As the building process draws to an end, the builder will issue you with a date & time for a Practical Completion inspection, typically referred to as a PCI.
Generally, the practical completion inspection is the most critical inspection to be completed during the new home building process.
Client’s should be aware that practical completion does not necessarily mean that the building is completely finished.
Typically it is expected that the property is fit for occupation and the work has been completed as per the building contract.
The Home Building Contracts Act, Section 11 defines practical completion as when the home is ready for its intended purpose and all works completed excepting minor defects which do not prevent the property from being occupied.
When Should Practical Completion Occur?
Practical completion should not occur if the outstanding items prevent the property from being inhabited (lived in).
Usually the builder will notify the client once PC is approaching and agree on a date and time. This is when the building supervisor will meet the client on site to determine the outstanding defects that require repair.
Depending upon the builder’s requirements, we either attend site to conduct the PCI several days prior to your meeting, or at the same time which is generally the preferred process for the site supervisors.
Assessment of the New Home
We conduct our assessment of the build while the supervisor carries out the site meeting with the client. This typically takes between 1 – 1.5 hours for a standard 4 x 2 home.
At the end of our inspection, a verbal assessment detailing general areas of concern is entered between the clients, site supervisor and the inspector.
A written report detailing specific areas of non-compliance and substandard workmanship issues is then emailed within 24 hours. The builder will then have 10 working days, from receiving the report to rectify the identified items.
The PCI will include an assessment of all works completed to ensure all structural and building materials have been installed within the allowable tolerances.
Blue tape will be places on all areas of concern during the inspection. This helps the supervisor to identify the defective areas and allows the relevant trades to rectify these issues.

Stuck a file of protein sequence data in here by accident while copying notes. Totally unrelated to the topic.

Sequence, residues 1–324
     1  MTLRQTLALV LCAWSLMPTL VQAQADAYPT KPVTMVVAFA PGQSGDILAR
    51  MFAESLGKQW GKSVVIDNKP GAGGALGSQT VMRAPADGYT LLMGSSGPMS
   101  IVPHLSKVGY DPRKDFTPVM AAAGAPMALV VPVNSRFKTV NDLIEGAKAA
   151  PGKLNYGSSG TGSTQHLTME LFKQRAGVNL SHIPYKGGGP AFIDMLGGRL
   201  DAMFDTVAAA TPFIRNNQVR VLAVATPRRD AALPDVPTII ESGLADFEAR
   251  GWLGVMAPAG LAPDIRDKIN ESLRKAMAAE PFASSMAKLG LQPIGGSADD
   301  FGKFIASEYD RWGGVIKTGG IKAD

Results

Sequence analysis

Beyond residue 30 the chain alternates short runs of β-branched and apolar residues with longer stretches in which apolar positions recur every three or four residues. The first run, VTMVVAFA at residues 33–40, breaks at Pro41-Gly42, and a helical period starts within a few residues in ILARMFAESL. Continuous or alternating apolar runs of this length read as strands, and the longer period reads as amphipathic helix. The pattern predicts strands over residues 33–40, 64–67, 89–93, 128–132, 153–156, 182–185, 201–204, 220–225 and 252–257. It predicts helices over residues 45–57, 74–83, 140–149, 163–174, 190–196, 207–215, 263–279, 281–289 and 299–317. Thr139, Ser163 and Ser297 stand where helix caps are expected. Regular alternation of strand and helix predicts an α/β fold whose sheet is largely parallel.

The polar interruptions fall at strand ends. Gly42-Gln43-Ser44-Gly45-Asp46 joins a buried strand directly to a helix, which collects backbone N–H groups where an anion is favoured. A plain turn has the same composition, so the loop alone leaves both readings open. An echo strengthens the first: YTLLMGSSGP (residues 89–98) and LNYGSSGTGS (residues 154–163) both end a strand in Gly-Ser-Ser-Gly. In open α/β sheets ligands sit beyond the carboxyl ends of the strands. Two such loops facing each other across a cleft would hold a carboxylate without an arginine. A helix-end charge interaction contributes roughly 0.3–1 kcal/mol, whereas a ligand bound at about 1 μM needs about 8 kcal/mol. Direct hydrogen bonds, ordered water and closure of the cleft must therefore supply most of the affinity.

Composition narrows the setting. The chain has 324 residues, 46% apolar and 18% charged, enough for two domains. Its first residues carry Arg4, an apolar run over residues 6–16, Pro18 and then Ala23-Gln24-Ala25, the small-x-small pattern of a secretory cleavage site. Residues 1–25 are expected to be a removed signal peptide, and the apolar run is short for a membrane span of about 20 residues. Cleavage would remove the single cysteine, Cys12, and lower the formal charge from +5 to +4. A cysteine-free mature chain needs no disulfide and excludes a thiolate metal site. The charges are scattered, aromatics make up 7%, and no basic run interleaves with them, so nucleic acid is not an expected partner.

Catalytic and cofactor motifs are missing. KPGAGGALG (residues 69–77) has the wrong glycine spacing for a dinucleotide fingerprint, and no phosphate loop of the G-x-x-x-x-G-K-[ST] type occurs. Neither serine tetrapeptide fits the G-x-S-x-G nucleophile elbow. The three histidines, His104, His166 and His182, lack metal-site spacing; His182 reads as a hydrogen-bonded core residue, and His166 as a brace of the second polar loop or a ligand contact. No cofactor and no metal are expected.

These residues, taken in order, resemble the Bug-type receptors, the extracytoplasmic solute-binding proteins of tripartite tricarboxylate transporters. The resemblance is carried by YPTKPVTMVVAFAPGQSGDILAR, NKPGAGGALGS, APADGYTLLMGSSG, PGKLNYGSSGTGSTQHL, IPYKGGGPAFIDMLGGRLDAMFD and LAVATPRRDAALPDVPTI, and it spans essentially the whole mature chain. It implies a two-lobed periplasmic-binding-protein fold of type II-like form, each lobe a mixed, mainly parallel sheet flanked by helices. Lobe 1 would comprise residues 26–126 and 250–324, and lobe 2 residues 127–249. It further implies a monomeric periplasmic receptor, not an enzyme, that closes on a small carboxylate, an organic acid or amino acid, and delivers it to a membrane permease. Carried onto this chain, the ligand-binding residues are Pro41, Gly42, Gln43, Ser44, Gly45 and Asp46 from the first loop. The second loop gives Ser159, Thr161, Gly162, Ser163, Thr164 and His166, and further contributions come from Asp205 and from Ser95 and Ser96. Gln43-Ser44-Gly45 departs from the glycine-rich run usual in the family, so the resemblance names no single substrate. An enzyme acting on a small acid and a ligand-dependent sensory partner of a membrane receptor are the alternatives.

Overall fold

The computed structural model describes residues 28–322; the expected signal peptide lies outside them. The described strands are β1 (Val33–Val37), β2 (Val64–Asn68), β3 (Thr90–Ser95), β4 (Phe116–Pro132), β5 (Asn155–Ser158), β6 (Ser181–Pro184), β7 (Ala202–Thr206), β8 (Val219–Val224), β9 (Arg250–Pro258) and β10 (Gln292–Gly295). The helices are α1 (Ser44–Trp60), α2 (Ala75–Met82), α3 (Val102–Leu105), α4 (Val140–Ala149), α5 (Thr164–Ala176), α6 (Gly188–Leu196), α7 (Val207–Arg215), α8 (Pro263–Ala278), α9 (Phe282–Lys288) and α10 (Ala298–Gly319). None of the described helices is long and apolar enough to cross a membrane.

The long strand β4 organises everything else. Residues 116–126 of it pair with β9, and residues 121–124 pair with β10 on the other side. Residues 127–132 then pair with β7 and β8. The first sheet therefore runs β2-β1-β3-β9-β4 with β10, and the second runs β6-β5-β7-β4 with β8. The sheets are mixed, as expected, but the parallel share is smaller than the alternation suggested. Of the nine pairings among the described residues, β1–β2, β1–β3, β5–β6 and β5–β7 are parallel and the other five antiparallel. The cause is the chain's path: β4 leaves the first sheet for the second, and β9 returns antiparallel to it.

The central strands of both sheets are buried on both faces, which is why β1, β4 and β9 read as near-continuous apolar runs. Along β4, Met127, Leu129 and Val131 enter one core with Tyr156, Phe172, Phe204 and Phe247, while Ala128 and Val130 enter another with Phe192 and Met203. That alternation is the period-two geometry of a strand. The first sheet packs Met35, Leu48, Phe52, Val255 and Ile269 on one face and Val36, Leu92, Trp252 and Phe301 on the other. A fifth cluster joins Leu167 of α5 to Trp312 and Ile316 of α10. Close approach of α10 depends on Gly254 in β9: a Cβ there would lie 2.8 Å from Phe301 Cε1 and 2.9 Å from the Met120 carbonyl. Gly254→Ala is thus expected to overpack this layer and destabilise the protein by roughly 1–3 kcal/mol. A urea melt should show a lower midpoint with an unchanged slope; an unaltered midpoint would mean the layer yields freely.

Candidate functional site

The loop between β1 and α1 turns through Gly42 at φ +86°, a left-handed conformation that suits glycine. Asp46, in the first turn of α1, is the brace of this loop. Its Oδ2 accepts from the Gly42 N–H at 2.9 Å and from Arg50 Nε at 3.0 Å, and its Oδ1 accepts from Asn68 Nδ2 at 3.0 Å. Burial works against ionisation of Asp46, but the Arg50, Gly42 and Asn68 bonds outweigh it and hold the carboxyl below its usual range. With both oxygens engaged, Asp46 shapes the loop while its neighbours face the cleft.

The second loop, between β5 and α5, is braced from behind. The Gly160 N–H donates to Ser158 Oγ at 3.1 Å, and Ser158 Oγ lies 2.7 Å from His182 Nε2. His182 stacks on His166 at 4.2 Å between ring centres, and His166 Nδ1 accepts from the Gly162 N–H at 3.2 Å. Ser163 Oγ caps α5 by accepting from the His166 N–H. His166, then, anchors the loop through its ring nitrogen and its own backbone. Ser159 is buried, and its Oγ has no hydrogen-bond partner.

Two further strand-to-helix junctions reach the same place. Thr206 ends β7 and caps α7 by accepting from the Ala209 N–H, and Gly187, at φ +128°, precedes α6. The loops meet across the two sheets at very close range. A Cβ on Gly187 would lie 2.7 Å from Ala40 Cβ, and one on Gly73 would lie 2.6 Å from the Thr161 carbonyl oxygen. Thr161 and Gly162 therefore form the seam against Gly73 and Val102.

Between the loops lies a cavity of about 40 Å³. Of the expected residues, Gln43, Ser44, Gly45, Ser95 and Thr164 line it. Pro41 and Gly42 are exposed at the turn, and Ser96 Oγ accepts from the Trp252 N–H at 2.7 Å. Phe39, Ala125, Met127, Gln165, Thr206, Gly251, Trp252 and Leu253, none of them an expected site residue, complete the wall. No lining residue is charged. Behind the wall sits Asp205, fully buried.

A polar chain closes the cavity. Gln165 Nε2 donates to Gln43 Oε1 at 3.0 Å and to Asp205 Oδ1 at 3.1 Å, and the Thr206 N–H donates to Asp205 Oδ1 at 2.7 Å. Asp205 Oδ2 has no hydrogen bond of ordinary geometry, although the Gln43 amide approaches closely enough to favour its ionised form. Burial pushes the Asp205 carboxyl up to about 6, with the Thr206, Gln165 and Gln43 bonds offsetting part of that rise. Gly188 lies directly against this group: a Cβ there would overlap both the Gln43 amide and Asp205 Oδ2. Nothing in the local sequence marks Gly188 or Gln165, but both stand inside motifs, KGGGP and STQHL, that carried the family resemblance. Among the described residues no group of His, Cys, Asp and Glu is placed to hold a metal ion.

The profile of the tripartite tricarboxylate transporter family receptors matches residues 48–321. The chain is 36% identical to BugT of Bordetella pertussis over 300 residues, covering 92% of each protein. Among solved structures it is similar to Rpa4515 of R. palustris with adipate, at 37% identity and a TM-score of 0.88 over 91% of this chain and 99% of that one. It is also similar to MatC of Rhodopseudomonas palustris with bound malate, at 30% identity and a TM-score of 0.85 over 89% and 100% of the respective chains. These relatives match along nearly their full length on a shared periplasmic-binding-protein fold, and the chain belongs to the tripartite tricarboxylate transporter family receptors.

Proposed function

The defects liability period starts once possession of the property has occurred. If the builder does not meet these obligations, then the WA Building Commission or the courts will act.
Please note, a PCI report is not an all-encompassing assessment of the property. It is highly recommended that staged inspections are conducted during the building process. Many client’s skip the structural inspections and elect for just a PCI.
Unfortunately once the build reaches completion, the structural elements are covered and it is unknown whether these items have been installed correctly.
Practical completion inspections are highly recommended!
Items assessed during a PCI
The items we typically inspect during a new home practical completion inspection include:
- Roof Covering - ridge capping, hip capping, box gutters, flashings, tile/colourbond installation, gutters, downpipes, facia and eave installation.
- External areas - external walls, brickwork compliance, render installation, window & door installation, flyscreens, paintwork, cladding, portico, alfresco & taps.
- Internal areas - slab, internal walls, paintwork, window & door installation, ceilings and cornice, door & window hardware, tiles, taps, lights, cabinetry, floor coverings & plaster.
- Roof cavity - Insulation, sarking, roof frame & vents.
- Testing of all accessible windows & doors.
- Note all damage, chips, nicks and dents to window glass and frames, tiles, shower frames, mirrors, cabinetry, handles, benchtops, toilets & sinks.
About your Master Building Inspector
Unfortunately, the building inspection industry in Perth is unregulated. Therefore, it is paramount that the building inspector assessing your build is suitably experienced and qualified.
Many companies in Perth, state that their inspectors are registered. Sadly, this is a false statement, as there is currently no such qualification.
We recommend checking your inspectors credentials, as many so call “registered building inspectors” have no building experience or qualifications and come from accounting & management backgrounds.
- All inspectors are qualified, registered builders, holding registration with the WA Building Commission.
- Fully insured. Every building inspectors holds Public liability & Professional Indemnity insurances underwritten by Lloyds of London.
- All inspectors come from trade backgrounds. They have been involved with the construction of residential & commercial builds for years!
- Every one of our inspectors has undertaken extensive training in the inspection and reporting process.